Volvo CE Partner with Baltic Sands to Pilot two of its Compact Electric Machines

Volvo CE is partnering with Baltic Sands Inc. out of Yucca Valley, California, to pilot two of its compact electric machines — the ECR25 Electric excavator and L25 Electric wheel loader. The goal? To see how these machines perform and hold up in a remote, rugged desert environment.

Baltic Sands specializes in environmentally sensitive, luxury off-grid property development and real estate, developing homes with a focus on sustainability and unique design enhanced by the surrounding environment.

The company primarily works in remote desert locations where power, water, and utilities aren’t simply scarce — they’re nonexistent. While the lack of a power grid initially presented a challenge with daily charging of electrically powered equipment, it didn’t stop Company Director Jacques Marais and his team from continuing their pursuit of developing environmentally responsible housing with environmentally responsible equipment. They never hesitated to become early adopters of electromobility.

“I started out in construction in my late 20s on large earthmoving projects, but the denuding of vegetation and trees never felt right. I tussled with the idea of earning a decent living while at the same time realizing my responsibilities to the environment. This pilot project with Volvo CE allowed us to pursue the idea of being more ecologically friendly through the adoption of new technologies,”

Marais says.

The commercial pilot is part of a $2 million grant administered by the South Coast Air Quality Management District (AQMD) to accelerate the deployment of zero-emission technologies for off-road mobile equipment, which is one of the major contributors to nitrogen oxide (NOx) emissions in the South Coast Air Basin. The South Coast AQMD region includes Orange County and major portions of Los Angeles, San Bernardino, and Riverside counties, including the Coachella Valley.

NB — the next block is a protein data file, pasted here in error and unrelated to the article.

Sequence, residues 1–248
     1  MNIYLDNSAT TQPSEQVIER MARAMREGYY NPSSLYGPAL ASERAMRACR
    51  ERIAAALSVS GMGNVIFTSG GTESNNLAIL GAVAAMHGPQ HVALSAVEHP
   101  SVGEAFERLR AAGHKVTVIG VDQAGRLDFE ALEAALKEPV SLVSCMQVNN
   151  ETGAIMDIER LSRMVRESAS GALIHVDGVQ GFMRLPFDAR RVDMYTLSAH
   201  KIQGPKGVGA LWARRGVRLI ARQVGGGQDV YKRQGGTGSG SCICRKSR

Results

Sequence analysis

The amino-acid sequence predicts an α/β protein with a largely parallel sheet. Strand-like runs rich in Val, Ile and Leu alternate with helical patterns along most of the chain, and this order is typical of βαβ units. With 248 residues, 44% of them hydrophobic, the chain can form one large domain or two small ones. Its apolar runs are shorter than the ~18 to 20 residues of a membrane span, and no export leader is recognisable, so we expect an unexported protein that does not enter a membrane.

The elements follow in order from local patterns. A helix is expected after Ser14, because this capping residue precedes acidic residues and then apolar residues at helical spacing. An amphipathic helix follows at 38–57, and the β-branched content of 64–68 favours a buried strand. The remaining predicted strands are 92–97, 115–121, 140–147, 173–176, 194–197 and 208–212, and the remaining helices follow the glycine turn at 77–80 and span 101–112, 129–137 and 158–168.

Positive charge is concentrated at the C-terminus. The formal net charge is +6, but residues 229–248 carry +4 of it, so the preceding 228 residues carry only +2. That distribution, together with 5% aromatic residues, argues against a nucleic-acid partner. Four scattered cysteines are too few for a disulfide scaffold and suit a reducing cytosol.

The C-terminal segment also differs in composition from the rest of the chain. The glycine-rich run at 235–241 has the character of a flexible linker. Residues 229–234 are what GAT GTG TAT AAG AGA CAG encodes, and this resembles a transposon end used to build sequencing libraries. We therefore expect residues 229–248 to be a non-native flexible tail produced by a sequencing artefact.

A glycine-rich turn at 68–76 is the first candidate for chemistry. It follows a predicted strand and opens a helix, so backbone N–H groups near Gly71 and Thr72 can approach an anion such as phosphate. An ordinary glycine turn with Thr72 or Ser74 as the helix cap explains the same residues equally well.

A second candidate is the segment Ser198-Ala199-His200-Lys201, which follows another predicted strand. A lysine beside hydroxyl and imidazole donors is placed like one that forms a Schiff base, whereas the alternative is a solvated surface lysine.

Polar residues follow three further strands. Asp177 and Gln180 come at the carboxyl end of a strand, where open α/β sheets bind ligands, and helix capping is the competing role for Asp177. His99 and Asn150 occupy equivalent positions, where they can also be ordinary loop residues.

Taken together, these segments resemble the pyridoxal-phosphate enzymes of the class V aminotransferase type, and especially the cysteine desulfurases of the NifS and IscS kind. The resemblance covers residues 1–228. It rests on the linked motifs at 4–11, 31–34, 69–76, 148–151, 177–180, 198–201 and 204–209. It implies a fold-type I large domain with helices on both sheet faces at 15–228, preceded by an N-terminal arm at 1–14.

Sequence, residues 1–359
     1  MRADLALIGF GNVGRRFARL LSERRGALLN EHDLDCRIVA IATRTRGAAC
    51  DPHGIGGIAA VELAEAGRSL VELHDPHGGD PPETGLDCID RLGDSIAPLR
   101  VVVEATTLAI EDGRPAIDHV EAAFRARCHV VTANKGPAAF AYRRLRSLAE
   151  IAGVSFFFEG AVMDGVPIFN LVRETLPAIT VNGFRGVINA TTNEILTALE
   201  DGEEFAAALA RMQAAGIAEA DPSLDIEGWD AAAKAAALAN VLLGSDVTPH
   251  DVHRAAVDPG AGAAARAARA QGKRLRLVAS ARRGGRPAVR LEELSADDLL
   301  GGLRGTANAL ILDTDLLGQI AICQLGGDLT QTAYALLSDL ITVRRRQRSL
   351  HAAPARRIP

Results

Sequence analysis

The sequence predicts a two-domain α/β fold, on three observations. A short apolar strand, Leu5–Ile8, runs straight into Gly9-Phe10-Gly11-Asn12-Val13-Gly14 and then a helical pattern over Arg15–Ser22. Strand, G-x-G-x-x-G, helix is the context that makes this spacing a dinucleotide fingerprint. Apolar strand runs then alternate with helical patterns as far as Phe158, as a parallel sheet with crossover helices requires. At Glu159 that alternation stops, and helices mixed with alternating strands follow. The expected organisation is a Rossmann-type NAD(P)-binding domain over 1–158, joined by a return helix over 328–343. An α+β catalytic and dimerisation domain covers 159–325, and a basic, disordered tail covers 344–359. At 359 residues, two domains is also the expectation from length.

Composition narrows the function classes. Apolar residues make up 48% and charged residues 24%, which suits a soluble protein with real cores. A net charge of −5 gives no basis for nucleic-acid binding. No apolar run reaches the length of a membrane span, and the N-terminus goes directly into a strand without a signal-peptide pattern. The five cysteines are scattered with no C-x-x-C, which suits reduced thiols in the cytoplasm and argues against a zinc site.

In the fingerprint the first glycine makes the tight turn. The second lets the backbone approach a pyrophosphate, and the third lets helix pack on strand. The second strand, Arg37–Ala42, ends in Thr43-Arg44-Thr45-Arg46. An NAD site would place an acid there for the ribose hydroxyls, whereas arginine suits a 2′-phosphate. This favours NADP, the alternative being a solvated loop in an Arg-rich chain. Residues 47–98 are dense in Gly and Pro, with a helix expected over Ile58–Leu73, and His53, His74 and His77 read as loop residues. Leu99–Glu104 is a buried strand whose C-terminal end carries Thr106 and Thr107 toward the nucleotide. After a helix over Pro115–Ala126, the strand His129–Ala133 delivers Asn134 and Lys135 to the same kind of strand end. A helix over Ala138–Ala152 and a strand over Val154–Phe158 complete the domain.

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Electric machines prove they can hold their own

Through the Volvo CE pilot program, Jacques and his team were able to secure two electric compact machines for development work on remote sites in Southern California — and throughout the trial, they were impressed with the results.

The electric wheel loader reshaped the larger areas, performed the finish grading to assist with stormwater control, and relocated the soil stockpiles for further processing. The machines worked together to efficiently complete eco-friendly tasks each day.

So, how did they perform compared to conventional diesel machines?

“In my opinion, they perform equally in terms of productivity. They’re extraordinary, and they surprised us. In fact, we’d love to have these machines working all the time.”

Marais says.

Running the machines all the time became more of a reality once a planned solar array was installed. It was used to power the machines overnight and during lunch, helping the remote jobs move faster and more efficiently.

This successful operation in extreme conditions bodes well for the viability of electric machines in urban settings — and that’s welcome news to the South Coast AQMD.

“A lot of off-road emissions are in densely populated, environmental justice communities, as well as on farms. Electric construction equipment would be a great opportunity and solution for our region,”

says Ben Benoit, the organization’s Chair.

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Reaping the benefits of electric equipment now and in the future

“With these electric machines, noise isn’t a factor — you can talk to an operator as if he or she is standing right next to you. Maintenance hasn’t really been a factor either. These machines were up to par for sure,”

says Aaron Anderson, Baltic Sands’ Dealer Sales Representative at Volvo Construction Equipment & Services.

Marais looks forward to going through the trials again in the near future with the two electric units plus a battery pack to see how charging can be simplified even more. Long term, Marais and the Baltic Sands team are looking at ways to integrate electric machines into their current diesel-powered fleet to see how diesel and electric can work in harmony.

“This is where ideology meets reality. I’m mindful of that and hoping that as early adopters of electromobility, we get it right. I’m pretty excited about getting that under our belt and seeing what the future holds for our company,”

Marais says.

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Source: Volvo CE